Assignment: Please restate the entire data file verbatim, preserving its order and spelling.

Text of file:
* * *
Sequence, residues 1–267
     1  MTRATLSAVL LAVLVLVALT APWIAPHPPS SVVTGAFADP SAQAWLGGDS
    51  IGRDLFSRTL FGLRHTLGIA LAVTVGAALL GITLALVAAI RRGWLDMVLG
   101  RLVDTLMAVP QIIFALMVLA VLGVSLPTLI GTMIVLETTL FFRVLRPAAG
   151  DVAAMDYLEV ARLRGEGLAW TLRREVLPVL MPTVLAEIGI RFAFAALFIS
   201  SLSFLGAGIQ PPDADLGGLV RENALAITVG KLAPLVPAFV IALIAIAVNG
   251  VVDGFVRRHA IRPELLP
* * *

Sequence, residues 1–267
     1  MTRATLSAVL LAVLVLVALT APWIAPHPPS SVVTGAFADP SAQAWLGGDS
    51  IGRDLFSRTL FGLRHTLGIA LAVTVGAALL GITLALVAAI RRGWLDMVLG
   101  RLVDTLMAVP QIIFALMVLA VLGVSLPTLI GTMIVLETTL FFRVLRPAAG
   151  DVAAMDYLEV ARLRGEGLAW TLRREVLPVL MPTVLAEIGI RFAFAALFIS
   201  SLSFLGAGIQ PPDADLGGLV RENALAITVG KLAPLVPAFV IALIAIAVNG
   251  VVDGFVRRHA IRPELLP